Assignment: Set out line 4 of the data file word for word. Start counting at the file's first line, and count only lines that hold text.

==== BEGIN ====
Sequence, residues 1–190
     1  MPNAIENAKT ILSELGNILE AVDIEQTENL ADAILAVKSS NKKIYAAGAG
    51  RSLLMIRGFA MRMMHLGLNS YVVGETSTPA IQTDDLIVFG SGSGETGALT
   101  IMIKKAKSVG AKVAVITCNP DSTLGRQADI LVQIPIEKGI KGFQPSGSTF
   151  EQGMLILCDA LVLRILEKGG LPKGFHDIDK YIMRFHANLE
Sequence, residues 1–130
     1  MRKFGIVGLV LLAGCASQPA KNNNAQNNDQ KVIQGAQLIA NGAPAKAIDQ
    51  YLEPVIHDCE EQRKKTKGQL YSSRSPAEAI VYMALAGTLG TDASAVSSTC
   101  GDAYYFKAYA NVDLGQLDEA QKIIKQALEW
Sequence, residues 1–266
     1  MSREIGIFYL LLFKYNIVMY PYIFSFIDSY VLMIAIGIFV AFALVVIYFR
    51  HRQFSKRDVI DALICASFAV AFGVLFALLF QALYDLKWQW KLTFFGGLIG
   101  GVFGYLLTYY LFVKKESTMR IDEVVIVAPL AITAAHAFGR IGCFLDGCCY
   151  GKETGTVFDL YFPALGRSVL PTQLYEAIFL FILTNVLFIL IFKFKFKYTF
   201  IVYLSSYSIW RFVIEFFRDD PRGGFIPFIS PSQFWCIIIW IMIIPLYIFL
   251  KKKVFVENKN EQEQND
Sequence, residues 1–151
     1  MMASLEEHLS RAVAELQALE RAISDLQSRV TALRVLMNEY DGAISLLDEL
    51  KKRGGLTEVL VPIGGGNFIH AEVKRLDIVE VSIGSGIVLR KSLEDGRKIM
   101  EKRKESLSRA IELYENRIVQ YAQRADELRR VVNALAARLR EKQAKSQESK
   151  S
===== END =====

   101  IMIKKAKSVG AKVAVITCNP DSTLGRQADI LVQIPIEKGI KGFQPSGSTF